Nilesh Kulkarni feels inexperienced spinners affected Australia's performance

Nilesh Kulkarni felt inexperienced bowling attack of the Indians made the difference between the results of series against Australia and England at home. Photo Courtesy: Sports Journalists’ Association of Mumbai.

Mumbai: Mar 19, 2013

Describing the Australian team currently touring India as one of the weakest sides, former cricketer Nilesh Kulkarni on Tuesday pointed out that the below-par showing of the tweakers has affected the visitors’ performance in the ongoing Test series against India.

“Looking at the performance, definitely it is one of the weaker Australia teams to have toured India in the recent past. The performance is reflecting as well,” said the former India left-arm spinner on the sidelines of Salaam Bombay Cricket Academy’s tournament.

“It [Australian spin attack] is inexperienced. As a batsman when you get a hundred it’s a habit, likewise as a spinner you need to pick up a five-wicket haul and that makes a huge difference. Unfortunately, Australia is lacking currently in that department,” he said.

In contrast, Indian off-spinner Ravichandran Ashwin grabbed two five-wicket hauls in the first Test match that India won by eight wickets at Chennai and bagged another in the second innings of the second Test that the hosts won by an innings and 135 runs at Hyderabad.

India, who won the third game at Mohali yesterday by six wickets, have taken an unassailable 3-0 lead in the four-match rubber against the Michael Clarke-led visiting side.

Kulkarni, who played three Tests and 10 ODIs, said the hosts always had an upper hand considering Australia’s weak bowling attack.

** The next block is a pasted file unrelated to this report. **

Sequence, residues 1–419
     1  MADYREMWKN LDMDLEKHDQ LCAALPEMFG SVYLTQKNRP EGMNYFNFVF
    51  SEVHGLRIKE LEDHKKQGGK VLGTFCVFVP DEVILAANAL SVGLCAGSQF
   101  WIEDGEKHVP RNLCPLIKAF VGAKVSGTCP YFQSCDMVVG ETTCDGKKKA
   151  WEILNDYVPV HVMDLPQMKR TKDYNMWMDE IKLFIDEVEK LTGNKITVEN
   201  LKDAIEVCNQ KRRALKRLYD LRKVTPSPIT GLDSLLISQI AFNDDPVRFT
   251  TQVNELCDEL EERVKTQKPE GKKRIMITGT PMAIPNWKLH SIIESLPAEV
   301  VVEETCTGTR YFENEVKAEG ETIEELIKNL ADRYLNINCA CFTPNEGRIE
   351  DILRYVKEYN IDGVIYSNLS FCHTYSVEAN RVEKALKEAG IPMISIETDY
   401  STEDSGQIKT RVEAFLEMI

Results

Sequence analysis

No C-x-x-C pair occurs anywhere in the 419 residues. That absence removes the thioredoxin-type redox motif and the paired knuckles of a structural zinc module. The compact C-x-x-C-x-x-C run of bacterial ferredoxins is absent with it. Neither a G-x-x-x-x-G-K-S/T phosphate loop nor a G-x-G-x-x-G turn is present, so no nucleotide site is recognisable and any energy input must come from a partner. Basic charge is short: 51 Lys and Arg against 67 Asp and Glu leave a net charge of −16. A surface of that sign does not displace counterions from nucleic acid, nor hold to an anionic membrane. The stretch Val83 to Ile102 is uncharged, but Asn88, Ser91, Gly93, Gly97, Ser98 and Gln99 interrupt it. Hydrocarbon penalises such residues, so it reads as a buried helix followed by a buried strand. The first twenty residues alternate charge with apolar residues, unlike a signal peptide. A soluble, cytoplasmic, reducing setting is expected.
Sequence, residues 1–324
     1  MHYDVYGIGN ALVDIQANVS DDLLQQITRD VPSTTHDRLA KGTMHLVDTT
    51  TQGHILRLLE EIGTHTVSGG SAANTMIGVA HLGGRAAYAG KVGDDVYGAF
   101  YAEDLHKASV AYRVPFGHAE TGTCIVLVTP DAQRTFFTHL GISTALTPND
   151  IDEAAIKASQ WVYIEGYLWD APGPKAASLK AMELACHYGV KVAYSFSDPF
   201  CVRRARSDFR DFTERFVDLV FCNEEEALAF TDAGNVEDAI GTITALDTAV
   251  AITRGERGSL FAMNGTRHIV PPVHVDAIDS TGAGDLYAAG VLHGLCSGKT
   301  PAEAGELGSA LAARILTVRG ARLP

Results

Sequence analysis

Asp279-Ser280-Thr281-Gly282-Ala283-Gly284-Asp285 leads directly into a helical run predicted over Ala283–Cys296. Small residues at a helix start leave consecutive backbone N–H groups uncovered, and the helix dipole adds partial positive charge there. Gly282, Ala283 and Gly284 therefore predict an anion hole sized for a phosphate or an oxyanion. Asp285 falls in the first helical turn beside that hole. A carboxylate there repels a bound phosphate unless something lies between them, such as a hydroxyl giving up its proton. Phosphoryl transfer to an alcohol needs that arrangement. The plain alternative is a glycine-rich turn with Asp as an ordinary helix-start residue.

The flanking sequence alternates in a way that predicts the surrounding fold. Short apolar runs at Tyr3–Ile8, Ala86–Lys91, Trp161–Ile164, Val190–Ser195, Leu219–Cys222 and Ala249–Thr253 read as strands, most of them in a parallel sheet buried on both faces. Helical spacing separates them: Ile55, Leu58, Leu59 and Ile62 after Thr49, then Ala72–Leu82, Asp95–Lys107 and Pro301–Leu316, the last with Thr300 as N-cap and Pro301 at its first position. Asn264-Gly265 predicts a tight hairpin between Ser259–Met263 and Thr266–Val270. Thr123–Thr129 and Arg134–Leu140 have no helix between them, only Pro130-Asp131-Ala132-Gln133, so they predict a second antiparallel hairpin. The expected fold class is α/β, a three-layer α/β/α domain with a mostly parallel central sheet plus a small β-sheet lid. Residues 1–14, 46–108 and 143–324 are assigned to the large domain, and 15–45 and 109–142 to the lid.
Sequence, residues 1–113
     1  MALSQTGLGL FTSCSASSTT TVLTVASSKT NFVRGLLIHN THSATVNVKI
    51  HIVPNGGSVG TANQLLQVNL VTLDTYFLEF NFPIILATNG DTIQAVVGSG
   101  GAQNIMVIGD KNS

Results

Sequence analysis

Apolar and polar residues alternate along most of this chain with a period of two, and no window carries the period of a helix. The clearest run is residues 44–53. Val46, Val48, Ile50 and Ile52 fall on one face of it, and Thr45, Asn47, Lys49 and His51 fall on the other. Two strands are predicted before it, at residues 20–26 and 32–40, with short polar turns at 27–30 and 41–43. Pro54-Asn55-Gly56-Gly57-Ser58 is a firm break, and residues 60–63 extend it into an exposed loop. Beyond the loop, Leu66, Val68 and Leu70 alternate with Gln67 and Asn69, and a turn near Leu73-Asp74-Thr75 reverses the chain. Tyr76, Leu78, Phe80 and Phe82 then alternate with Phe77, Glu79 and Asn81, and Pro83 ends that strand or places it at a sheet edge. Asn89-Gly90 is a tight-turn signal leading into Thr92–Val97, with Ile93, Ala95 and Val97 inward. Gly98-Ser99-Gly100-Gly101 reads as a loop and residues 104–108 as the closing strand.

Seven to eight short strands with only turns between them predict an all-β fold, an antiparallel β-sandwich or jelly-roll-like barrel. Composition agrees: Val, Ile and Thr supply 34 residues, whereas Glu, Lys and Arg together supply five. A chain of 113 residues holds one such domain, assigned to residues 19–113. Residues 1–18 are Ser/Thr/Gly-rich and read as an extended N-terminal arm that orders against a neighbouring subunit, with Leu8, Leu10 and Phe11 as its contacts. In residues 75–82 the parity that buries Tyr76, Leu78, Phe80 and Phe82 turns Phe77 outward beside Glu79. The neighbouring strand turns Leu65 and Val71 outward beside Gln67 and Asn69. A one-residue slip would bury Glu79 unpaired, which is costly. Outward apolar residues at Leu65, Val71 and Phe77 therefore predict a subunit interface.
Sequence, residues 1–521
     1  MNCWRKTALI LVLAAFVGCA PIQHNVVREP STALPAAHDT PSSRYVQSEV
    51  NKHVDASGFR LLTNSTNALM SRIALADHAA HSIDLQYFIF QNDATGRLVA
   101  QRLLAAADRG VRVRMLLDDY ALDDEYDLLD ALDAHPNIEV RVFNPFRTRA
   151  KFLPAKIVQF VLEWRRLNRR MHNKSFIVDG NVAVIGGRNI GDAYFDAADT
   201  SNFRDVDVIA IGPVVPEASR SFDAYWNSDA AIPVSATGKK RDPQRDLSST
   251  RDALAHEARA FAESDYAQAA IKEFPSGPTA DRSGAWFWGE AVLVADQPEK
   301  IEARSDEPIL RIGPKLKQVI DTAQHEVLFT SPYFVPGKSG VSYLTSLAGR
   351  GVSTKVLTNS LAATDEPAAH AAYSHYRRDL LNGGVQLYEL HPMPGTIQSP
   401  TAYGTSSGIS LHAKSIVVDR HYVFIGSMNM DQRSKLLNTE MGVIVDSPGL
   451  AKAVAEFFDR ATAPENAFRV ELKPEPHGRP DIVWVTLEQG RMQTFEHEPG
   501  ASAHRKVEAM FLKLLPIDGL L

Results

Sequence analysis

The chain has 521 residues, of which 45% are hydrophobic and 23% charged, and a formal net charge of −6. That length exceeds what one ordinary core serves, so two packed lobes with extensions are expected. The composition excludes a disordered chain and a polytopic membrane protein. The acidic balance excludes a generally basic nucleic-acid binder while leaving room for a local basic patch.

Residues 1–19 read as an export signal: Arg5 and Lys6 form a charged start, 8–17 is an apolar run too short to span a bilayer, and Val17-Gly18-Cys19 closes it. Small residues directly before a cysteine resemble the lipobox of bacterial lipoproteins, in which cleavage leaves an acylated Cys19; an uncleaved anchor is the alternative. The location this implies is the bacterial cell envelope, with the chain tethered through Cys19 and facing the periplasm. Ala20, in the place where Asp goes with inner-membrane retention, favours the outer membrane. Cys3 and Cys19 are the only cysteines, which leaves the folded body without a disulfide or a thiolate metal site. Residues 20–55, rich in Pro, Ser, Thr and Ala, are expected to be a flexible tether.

“We always had the upper hand, considering Australia’s weak bowling attack. If you can’t get 20 wickets then you are struggling to win a Test match. In India it is even more challenging because if spinners can’t get you 20 wickets then you are struggling.

“It was expected to a large extent and I am happy that India is doing well. People criticise when they don’t do well so you need to praise them when they do well,” said the lanky 39-year-old former player.

Kulkarni pointed out that England, who defeated India 2-1 their own backyard in the earlier Test series in December last year, had a more experienced bowling attack and put up a far better display, an area in which Australia has lagged behind.

“The key difference was difference of attacks. England had more experienced attack unlike the Australians who are struggling. You can’t compare them. What England produced was good cricket and India ended up on the losing side and now they are covering up for it,” he added.

The former Mumbai player felt that the only positive outcome for the Aussie bowlers is the experience they have gained from touring India.

“The only thing they can gain out of this is experience, playing in subcontinent condition. If they tour India again, then they will be better bowlers,” he said.